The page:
If You Were a Kid in the Civil Rights Movement
By Gwendolyn Hooks, Illustrated by Kelly Kennedy
Joyce Jenkins has recently moved to a new town with her family. She will soon be attending a segregated school for the first time. Connie Underwood is trying to figure out what her twin brothers are planning in secret. The two girls find themselves in the middle of a civil rights demonstration. The fight for equality will the country forever.
Freedom on the Menu: The Greensboro Sit-Ins
By Carole Boston Weatherford, Illustrated by Jerome Lagarrigue
There were signs all throughout town telling eight-year-old Connie where she could and could not go. But when Connie sees four young men take a stand for equal rights at a Woolworth’s lunch counter in Greensboro, North Carolina, she realizes that things may soon change. This event sparks a movement throughout her town and region. And while Connie is too young to march or give a speech, she helps her brother and sister make signs for the cause. Changes are coming to Connie’s town, but Connie just wants to be able to sit at the lunch counter and eat a banana split like everyone else.
The Youngest Marcher: The Story of Audrey Faye Hendricks,
A Young Civil Rights Activist
By Cynthia Levinson, Illustrated by Vanessa Brantley-Newton
Nine-year-old Audrey Faye Hendricks intended to go places and do things like anybody else. So when she heard grown-ups talk about wiping out Birmingham’s segregation laws, she spoke up. As she listened to the preacher’s words, smooth as glass, she sat up tall. And when she heard the plan: picket those white stores, march to protest those unfair laws, and fill the jails — she stepped right up and said, “I’ll do it. Audrey Faye Hendricks was confident and bold and brave as can be. Hers is the remarkable and inspiring story of one child’s role in the Civil Rights Movement.
Child of the Civil Rights Movement
By Paula Young Shelton, Illustrated by Raul Colon
Paula Young Shelton, daughter of Civil Rights activist, Andrew Young, brings a child’s unique perspective to an important chapter in America’s history. Paula grew up in the deep south, in a world where whites had and blacks did not. With an activist father and a community of leaders surrounding her, including Uncle Martin (Dr. Martin Luther King, Jr.,) Paula watched and listened to the struggles. She eventually joined with her family, and thousands of others, in the historic march from Selma to Montgomery.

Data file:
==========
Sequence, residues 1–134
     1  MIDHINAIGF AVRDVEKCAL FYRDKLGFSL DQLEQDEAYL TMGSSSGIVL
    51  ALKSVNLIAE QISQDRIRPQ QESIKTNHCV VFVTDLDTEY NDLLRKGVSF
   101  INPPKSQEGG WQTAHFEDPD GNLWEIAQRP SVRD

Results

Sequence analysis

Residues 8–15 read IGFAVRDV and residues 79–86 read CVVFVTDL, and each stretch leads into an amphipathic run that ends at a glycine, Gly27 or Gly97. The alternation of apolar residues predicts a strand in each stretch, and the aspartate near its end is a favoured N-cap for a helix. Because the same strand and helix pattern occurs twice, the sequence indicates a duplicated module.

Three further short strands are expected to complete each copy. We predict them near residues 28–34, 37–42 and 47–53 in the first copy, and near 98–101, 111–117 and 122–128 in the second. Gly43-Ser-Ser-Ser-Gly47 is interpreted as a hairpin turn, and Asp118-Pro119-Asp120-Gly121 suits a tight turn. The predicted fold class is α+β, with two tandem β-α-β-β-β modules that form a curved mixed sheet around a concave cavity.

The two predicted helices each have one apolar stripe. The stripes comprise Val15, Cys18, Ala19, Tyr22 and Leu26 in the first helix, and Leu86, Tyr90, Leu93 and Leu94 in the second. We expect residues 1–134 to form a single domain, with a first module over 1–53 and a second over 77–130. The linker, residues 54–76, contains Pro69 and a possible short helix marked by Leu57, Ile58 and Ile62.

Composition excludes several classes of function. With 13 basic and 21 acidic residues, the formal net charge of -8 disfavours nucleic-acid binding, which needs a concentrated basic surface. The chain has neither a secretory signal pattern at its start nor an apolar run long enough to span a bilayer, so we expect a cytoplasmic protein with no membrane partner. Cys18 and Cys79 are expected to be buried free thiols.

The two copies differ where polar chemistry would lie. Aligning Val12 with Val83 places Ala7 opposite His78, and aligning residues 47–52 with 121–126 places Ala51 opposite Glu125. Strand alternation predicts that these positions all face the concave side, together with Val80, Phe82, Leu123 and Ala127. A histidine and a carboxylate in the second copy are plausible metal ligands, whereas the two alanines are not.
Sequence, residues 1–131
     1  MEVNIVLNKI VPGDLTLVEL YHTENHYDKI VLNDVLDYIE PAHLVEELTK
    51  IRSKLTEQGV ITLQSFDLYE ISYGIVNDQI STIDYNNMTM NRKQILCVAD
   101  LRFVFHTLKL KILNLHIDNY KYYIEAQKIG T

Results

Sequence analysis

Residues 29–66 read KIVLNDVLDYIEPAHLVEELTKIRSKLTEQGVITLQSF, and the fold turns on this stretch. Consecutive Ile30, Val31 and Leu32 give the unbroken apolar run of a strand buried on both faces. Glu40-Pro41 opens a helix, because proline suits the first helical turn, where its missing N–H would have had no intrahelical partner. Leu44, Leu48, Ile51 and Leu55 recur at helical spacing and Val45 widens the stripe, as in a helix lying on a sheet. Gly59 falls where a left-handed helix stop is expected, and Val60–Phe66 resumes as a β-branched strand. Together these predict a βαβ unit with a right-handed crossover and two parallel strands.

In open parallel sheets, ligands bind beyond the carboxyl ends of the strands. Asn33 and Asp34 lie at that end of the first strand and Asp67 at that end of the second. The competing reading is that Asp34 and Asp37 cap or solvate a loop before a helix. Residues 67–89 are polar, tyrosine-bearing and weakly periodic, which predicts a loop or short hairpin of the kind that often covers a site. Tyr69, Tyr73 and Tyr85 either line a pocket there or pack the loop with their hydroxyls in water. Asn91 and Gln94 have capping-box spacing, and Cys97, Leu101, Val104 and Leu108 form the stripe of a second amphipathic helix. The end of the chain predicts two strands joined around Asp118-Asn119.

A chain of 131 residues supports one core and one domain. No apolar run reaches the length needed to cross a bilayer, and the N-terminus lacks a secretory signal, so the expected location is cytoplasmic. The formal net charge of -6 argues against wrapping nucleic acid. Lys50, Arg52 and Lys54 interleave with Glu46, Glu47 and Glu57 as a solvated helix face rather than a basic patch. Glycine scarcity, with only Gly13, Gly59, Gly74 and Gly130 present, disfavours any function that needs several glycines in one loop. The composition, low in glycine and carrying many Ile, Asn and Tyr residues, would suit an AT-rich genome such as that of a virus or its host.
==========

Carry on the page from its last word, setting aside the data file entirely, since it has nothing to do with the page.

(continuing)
Boycott Blues: How Rosa Parks Inspired a Nation
By Andrea Davis Pinkney, Illustrated by Brian Pinkney
Rosa Parks took a stand by keeping her seat on the bus. When she was arrested, her supporters protested by refusing to ride. Soon a community of thousands came together to help each other. Some started taxi services, some rode bikes, but many walked. After 382 days, they walked Jim Crow laws right out of town. Boycott Blues presents a poignant, blues-infused tribute to the men and women of the Montgomery bus boycott who refused to give up until they got justice.
By Deborah Wiles, Illustrated by Jerome Lagarrigue
Joe and John Henry are a lot alike. They both like shooting marbles, they both want to be firemen, and they both love to swim. But there’s one important way they’re different, Joe is white and John Henry is black. In the South in 1964, John Henry isn’t allowed to do everything his best friend is. Then a law is passed that forbids segregation. The town pool opens to everyone. Joe and John Henry are so excited they race each other to the pool, only to discover that it takes more than a new law to change people’s hearts.
By Shane W. Evans
On August 26, 1963, a remarkable event took place. More than 250,000 people gathered in our nation’s capital to participate in the March on Washington for Jobs and Freedom. The march began at the Washington Memorial and ended with a rally at the Lincoln Memorial, where Dr. Martin Luther King, Jr. delivered his historic “I Have a Dream” speech. The thrill of this day is brought to life in We March, even for the youngest reader.
A Sweet Smell of Roses
By Angela Johnson, Illustrated by Eric Velazquez
There’s a sweet smell in the air as two young girls sneak out of their house, down the street, and across town to where men and women are gathered, ready to march for freedom and justice. A Sweet Smell of Roses is inspired by countless children and young adults who took a stand and participated in the Civil Rights Movement.
The book descriptions used are primarily the publishers.
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Books For Kids: Martin Luther King, Jr. https://www.barbaralowell.com/books-for-kids-martin-luther-king-jr
Mahalia Jackson’s Words Changed History http://www.barbaralowell.com/mahalia-jacksons-words-changed-history